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Online house calls click with doctors

With insurers starting to cover them, virtual office visits for minor ailments, follow-ups gain popularity.

February 04, 2008|Daniel Costello | Times Staff Writer

Consulting your family physician is finally moving into the 21st century and out of the doctor's office.

Since the dawn of e-mail, patients have been pleading for more doctors to offer medical advice online. No traffic jams, no long waits, no germ-infested offices with outdated magazines and bad elevator music.

There was always one major roadblock: Most health insurers wouldn't pay for it.

Until now.

In recent weeks, Aetna Inc., the nation's largest insurer, and Cigna Corp. have agreed to reimburse doctors for online visits. Other large insurers are expected to follow, experts say.

These new online services, which typically cost the same as a regular office visit, are aimed primarily at those who already have a doctor.

The virtual visits are considered best for follow-up consultations and treatment for minor ailments such as colds and sore throats.

But some specialists, including cardiologists and gynecologists, also see these e-mail tete-a-tetes as ideal for periodic checkups that don't require in-person visits.

"People can wait a long time to get in to see their primary-care doctor and longer for a specialist. . . . To have immediate access is huge," said Dr. Melissa Welch, Aetna's Northern California medical director.

As more doctors move online, others are looking further ahead and adding webcams to their online arsenal, even if the video quality remains spotty.

Dr. Christy Calderon, a family physician at Kaiser Permanente's Whittier office, conducts as many as half her appointments over the phone or online with a 3-inch camera affixed to her desktop. "It adds a more personal touch," she said.

Although actual doctor visits aren't likely to disappear, the recent moves are evidence that long-delayed efforts to bring American medicine into the digital age may be gaining momentum, experts say.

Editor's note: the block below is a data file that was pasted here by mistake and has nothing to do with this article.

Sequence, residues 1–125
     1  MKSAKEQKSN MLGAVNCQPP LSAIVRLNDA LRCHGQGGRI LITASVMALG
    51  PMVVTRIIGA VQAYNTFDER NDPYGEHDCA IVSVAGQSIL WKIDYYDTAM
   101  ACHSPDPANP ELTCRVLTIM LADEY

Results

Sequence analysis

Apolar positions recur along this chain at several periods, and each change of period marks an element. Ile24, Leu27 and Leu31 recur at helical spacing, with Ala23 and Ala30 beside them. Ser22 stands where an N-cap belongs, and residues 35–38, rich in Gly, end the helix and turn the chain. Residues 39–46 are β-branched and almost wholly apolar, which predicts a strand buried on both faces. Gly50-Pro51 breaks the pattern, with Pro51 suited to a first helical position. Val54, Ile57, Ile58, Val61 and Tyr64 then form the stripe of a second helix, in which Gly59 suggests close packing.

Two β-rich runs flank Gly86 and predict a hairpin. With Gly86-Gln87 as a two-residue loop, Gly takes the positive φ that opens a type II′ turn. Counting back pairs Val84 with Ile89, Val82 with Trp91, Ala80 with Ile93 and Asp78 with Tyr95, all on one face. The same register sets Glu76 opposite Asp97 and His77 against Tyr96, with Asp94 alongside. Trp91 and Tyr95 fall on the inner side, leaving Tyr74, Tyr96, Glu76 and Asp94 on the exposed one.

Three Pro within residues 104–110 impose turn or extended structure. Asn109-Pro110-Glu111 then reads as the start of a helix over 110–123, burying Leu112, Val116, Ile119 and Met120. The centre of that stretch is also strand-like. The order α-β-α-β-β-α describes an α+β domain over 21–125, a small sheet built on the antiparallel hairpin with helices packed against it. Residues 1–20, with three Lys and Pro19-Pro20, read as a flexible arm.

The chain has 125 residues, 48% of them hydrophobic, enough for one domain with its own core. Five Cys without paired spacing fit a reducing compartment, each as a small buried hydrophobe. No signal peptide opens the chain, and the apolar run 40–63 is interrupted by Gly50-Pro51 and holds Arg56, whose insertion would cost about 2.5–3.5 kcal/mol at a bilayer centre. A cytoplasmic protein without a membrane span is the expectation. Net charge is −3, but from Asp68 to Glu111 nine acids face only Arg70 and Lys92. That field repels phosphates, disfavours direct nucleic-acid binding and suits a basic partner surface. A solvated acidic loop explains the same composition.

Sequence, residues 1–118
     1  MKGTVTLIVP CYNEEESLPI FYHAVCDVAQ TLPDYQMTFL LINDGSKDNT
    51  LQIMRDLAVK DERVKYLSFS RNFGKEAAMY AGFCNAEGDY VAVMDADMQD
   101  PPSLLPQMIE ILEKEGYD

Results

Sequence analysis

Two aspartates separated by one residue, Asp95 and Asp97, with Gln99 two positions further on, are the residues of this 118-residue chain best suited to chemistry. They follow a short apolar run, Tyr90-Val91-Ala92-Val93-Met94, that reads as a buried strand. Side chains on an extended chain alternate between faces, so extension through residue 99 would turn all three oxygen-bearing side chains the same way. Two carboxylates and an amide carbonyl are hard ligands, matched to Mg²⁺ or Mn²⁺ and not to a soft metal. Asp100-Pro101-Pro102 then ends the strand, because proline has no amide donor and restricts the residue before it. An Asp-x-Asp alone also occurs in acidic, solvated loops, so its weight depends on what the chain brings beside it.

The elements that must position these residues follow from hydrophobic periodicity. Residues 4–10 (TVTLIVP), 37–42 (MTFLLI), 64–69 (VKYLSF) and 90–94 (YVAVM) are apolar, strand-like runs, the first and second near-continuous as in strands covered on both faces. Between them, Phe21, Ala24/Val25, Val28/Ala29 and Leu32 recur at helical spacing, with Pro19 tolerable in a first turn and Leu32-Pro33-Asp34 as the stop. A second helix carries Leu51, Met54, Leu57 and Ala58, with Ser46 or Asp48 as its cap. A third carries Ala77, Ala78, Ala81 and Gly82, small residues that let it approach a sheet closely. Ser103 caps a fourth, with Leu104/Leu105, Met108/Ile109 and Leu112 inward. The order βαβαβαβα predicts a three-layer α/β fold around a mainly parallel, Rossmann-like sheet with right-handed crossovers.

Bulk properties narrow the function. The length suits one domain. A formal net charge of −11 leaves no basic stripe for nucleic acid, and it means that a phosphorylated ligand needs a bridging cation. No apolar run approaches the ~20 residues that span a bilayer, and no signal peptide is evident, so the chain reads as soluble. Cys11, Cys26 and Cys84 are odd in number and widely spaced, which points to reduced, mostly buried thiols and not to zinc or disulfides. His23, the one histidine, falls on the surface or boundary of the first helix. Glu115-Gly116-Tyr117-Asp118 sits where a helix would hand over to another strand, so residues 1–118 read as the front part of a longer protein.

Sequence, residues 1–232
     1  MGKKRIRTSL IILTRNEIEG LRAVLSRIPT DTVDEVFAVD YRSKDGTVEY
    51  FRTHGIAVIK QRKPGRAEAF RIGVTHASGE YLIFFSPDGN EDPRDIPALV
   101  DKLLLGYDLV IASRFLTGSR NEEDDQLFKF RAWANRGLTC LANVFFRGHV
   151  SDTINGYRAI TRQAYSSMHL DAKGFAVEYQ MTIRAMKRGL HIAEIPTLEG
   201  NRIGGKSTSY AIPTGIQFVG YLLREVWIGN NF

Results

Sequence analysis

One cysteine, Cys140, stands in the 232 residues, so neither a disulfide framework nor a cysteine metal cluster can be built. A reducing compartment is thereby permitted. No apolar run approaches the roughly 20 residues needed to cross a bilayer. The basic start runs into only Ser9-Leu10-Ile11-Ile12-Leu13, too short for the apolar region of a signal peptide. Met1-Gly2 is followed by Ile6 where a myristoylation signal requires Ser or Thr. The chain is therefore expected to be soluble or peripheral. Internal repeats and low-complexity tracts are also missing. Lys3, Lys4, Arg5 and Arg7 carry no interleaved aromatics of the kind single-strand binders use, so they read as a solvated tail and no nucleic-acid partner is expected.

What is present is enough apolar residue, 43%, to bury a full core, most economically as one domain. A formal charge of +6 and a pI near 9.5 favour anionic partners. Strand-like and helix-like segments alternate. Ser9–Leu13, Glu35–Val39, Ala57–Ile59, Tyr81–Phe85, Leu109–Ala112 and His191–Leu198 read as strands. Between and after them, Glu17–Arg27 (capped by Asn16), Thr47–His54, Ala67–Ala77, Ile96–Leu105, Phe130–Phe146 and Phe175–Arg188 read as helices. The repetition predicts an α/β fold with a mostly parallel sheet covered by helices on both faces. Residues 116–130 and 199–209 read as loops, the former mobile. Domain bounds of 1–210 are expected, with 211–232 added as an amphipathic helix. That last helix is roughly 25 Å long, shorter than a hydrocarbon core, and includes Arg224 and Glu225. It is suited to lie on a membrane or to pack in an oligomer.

"Paying doctors to do more patient care over the Internet is a small but important step in a good direction," said David Cutler, a Harvard University healthcare economist. "It increases patient access and could significantly improve their satisfaction."

If so, it comes at an auspicious time.

Doctor visits in the United States have surged 20% in the last five years to more than 1.2 billion visits annually, according to the Centers for Disease Control and Prevention. Even as the population ages, the number of doctors is falling across the country, and experts predict that office wait times will increase in the coming years.

Meanwhile, at-home devices that remotely check patients' blood pressure and diabetics' sugar levels are becoming cheaper, and tech leaders Google Inc. and Microsoft Corp. are expected to introduce products this year to simplify patient care and put medical records online, although neither company plans to assist in online physician appointments.

Some in the medical community envision a day when patients take their vital signs each morning and send the results to their doctor by computer.

But can a doctor really diagnose patients via pixels?

Critics, including many doctors, contend that online medical care carries risks. Some worry that mistakes are bound to happen and that the practice raises several hard-to-answer ethical questions.

"It's perfectly appropriate that we use 21st century technology in the 21st century," said California Medical Assn. President Dr. Richard S. Frankenstein, an Orange County pulmonologist. "The concern I have is that [online visits] are simply not a substitute for an actual doctor."

And experts caution that this may not be a money saver. Healthcare costs could increase if the new technology leads more patients to seek care more often.

By the time San Francisco consultant Meg Young got to Boston on a chilly night last winter, she was running a 102-degree fever. She considered going to the emergency room. Instead, she went online in her hotel room.

The 40-year-old technology expert booked a visit with her primary-care doctor at Stanford University Hospital. After Young filled out a form and described her symptoms, he diagnosed a bacterial infection, prescribed an antibiotic from a drugstore near the hotel and suggested she get some rest.

"I couldn't have been happier to not sit in some hospital for half the night," Young said.

Doctors and patients have many ways to communicate over the Internet. Some doctors and their office staffers already e-mail patients free of charge, especially when it involves minor questions or prescription refills.

Most of the new online consultations are far more structured than a simple e-mail. If insurance companies are expected to pay the bill, physicians need documentation of the event, including diagnosis and time spent.

As a result, companies have emerged to help doctors handle this. They typically arrange the online visits, maintain records and handle insurance reimbursements, patient co-payments and other payments.

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